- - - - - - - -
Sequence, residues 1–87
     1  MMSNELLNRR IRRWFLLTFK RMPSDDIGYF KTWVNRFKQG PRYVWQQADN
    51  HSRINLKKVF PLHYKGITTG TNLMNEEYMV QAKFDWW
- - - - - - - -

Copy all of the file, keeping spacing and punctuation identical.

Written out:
Sequence, residues 1–87
     1  MMSNELLNRR IRRWFLLTFK RMPSDDIGYF KTWVNRFKQG PRYVWQQADN
    51  HSRINLKKVF PLHYKGITTG TNLMNEEYMV QAKFDWW